City’s comprehensive plan going high-tech next year

Published 12:00 am Monday, December 6, 2004

Kelly McCaffrey, the city’s community planner, sits at a drafting table Thursday at the City of Vicksburg Planning Department on South Street. (Meredith Spencer The Vicksburg Post)

[12/5/04] Taking advantage of newer technologies, the City of Vicksburg’s new comprehensive plan for the next 25 years will be made available on the Internet and on compact disc when completed next year.

Kelly McCaffrey, the city’s community planner, has spent the last six months gathering demographic data and historical records on the city to put together the new plan. He said it should be ready for public hearings by May or June and finished next summer.

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A comprehensive plan outlines municipal government’s plan for growth and development in a community and is required under state law. Vicksburg’s last update of the plan took two years to write and was finished in 1996.

“We’re really taking the ’96 plan and expanding on it,” McCaffrey said. “It was a good plan, but it didn’t take in enough.”

By the time he finishes, McCaffrey said he expects to have three volumes of information, including an inventory of every property inside the municipal limits and an outline for city growth through 2030.

City Planner Wayne Mansfield said it’s the first step in overhauling the city’s zoning ordinances, a project in the works for nearly eight years now. A citizen advisory committee worked with the city’s planning department for more than a year in 1998 developing a proposed new zoning ordinance that was never adopted.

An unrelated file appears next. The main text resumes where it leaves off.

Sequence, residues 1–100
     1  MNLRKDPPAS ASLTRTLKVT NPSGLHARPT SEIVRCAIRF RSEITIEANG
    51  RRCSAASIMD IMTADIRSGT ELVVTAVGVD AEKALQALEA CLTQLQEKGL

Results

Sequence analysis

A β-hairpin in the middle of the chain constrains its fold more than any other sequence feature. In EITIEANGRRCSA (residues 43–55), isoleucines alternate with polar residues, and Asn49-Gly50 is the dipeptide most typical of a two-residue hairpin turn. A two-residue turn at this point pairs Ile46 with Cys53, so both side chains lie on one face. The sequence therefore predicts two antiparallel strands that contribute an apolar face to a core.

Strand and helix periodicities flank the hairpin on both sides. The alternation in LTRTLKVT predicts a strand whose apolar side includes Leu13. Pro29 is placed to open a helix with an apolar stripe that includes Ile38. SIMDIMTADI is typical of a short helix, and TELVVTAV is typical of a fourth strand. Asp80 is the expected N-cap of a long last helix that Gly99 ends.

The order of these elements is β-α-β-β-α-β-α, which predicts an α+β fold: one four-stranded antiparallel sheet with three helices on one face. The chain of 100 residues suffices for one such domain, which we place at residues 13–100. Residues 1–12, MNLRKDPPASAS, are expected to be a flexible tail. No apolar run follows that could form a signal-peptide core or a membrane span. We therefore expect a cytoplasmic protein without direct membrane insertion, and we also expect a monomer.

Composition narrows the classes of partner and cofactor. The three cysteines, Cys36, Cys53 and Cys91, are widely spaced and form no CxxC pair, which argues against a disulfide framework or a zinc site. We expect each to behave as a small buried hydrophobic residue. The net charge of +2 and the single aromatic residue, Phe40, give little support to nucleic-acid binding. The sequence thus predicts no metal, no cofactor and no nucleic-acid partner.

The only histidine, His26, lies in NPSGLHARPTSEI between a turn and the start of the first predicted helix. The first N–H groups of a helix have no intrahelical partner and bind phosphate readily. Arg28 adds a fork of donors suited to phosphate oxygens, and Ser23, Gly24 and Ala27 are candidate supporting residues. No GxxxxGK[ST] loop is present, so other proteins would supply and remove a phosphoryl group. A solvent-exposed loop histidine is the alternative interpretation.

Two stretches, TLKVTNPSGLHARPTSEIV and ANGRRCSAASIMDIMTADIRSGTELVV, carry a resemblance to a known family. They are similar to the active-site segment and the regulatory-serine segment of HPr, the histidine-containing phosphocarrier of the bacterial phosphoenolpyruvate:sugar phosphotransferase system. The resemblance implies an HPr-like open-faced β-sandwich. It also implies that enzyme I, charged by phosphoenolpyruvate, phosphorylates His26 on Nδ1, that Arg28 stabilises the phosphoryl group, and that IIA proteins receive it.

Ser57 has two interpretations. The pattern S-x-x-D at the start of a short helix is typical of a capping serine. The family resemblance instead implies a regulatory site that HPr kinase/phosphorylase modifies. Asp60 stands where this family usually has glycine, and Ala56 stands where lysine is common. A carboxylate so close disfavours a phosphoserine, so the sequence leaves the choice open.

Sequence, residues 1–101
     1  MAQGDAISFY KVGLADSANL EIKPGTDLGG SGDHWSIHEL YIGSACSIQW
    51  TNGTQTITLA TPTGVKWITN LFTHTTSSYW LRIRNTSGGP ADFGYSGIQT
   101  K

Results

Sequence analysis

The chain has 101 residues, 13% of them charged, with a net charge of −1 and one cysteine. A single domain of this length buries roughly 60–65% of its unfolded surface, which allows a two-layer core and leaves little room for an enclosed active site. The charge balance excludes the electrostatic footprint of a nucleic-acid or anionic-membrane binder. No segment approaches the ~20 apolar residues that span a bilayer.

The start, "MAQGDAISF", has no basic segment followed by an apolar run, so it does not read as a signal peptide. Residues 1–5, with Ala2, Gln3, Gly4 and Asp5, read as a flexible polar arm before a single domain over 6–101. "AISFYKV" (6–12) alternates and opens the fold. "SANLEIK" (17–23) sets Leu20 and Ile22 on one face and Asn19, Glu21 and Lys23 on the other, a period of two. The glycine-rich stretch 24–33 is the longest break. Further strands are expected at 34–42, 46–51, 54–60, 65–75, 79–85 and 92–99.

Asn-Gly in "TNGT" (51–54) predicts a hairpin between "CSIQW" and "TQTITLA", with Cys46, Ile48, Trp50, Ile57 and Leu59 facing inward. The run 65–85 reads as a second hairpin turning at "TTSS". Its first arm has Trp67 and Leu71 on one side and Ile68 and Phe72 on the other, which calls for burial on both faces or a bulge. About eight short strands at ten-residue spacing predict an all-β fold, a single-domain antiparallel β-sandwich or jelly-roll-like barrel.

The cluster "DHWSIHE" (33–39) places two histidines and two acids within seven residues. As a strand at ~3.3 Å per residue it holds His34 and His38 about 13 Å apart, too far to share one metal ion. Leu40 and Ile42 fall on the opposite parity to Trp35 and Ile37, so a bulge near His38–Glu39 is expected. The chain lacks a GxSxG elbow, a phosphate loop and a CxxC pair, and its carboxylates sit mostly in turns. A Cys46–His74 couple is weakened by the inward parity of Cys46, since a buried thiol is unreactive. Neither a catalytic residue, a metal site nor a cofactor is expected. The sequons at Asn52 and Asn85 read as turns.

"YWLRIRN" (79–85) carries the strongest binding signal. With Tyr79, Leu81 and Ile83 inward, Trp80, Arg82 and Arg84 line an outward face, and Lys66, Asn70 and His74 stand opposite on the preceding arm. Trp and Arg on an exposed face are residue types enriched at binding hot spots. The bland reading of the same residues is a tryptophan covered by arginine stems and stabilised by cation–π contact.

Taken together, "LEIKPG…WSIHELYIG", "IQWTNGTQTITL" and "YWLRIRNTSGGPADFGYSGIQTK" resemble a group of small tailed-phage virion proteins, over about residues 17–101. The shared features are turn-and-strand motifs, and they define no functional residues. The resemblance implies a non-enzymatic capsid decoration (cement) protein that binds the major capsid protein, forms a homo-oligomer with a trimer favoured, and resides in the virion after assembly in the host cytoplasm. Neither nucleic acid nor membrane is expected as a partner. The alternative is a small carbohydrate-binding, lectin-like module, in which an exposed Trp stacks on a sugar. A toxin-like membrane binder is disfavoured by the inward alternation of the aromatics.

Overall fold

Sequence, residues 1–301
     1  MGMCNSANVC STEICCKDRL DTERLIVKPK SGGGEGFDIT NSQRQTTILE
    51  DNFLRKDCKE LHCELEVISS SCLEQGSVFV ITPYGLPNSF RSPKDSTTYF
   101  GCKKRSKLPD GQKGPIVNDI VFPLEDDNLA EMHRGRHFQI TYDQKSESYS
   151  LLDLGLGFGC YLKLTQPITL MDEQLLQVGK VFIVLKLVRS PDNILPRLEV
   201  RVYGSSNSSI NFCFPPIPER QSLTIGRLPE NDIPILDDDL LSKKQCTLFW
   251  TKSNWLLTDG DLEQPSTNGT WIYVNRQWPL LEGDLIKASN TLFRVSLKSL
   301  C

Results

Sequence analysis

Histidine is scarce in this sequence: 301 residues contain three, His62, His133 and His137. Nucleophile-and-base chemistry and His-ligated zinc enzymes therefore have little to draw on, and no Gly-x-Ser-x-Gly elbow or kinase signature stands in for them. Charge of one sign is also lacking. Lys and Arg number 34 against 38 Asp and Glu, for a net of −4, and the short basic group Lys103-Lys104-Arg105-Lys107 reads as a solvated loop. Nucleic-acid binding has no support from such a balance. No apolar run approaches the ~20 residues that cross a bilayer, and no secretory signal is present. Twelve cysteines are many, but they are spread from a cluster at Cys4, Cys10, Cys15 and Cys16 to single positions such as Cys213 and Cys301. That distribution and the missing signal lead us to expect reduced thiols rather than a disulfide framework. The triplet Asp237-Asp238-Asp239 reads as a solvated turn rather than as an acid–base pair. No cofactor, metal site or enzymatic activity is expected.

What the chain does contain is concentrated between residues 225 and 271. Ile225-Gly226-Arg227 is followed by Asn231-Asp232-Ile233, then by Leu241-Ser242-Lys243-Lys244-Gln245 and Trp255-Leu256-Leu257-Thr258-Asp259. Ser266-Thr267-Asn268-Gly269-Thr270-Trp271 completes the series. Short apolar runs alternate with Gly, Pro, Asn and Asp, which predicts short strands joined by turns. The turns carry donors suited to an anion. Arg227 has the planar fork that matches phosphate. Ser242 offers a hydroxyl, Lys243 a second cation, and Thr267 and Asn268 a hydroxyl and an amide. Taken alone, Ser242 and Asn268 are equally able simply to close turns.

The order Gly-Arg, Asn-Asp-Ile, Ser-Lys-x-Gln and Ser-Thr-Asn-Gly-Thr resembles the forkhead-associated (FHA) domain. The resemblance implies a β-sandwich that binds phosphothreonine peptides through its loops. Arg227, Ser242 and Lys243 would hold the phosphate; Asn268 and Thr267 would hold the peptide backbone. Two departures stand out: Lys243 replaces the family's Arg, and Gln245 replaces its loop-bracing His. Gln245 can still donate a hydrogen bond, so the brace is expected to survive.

Portions of that proposed plan have been incorporated into city regulations including new rules for signs, but other parts, like special corridor zones along major thoroughfares, have remained on the shelf.

In 2002, the city adopted plans for a new set of regulatory codes called Smart Growth. After a $250,000 process to gather public input, the city scrapped the idea for more traditional zoning regulations.

Mansfield, who came to that office last year, made rewriting the comprehensive plan a priority and said that they will incorporate the 1998 proposal and data from Smart Growth into a new plan.

“We do want extensive public input into this,” Mansfield said. “It’s not my plan. It’s not Kelly’s plan. It’s everybody’s plan.”

McCaffrey said he plans to have at least three public hearings on the plan and hopes the public will participate or send in comments both good and bad.

“It won’t hurt my feelings because I want this to be good,” McCaffrey said.

The comprehensive plan will ultimately have to be approved by the city board, which, by the time it is completed, could look different following the municipal elections in June. New officers, if any, will take office on July 1.

Adopting new zoning regulations is also a lengthy process that requires a separate public hearing and approval from the mayor and aldermen.